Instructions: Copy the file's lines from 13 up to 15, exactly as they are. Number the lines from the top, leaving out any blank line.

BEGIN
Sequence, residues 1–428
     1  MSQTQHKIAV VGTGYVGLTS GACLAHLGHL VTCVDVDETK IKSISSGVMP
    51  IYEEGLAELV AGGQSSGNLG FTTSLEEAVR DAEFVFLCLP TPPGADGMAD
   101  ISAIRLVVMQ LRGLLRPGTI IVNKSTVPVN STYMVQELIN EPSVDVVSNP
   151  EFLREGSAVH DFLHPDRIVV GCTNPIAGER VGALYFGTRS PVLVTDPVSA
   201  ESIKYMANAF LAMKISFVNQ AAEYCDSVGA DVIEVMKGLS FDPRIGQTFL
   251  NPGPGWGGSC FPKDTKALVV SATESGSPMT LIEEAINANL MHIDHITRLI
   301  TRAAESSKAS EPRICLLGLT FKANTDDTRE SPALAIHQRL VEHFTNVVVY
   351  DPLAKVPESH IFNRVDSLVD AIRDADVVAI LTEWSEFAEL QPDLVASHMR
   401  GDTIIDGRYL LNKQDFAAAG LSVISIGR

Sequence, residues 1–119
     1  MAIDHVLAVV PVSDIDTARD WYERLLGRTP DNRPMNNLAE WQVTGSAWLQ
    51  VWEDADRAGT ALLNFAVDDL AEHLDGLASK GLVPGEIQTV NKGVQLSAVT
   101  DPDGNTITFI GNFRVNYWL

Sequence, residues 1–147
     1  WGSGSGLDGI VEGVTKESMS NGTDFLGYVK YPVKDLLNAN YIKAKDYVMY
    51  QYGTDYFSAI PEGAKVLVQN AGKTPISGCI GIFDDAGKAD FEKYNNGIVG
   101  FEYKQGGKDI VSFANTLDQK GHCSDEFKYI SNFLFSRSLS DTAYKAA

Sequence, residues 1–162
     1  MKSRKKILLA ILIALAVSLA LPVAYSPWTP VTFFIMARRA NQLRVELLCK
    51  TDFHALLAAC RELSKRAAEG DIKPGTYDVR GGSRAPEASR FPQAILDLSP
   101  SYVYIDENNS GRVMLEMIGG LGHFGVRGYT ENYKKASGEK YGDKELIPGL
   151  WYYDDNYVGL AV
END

    51  VWEDADRAGT ALLNFAVDDL AEHLDGLASK GLVPGEIQTV NKGVQLSAVT
   101  DPDGNTITFI GNFRVNYWL

Sequence, residues 1–147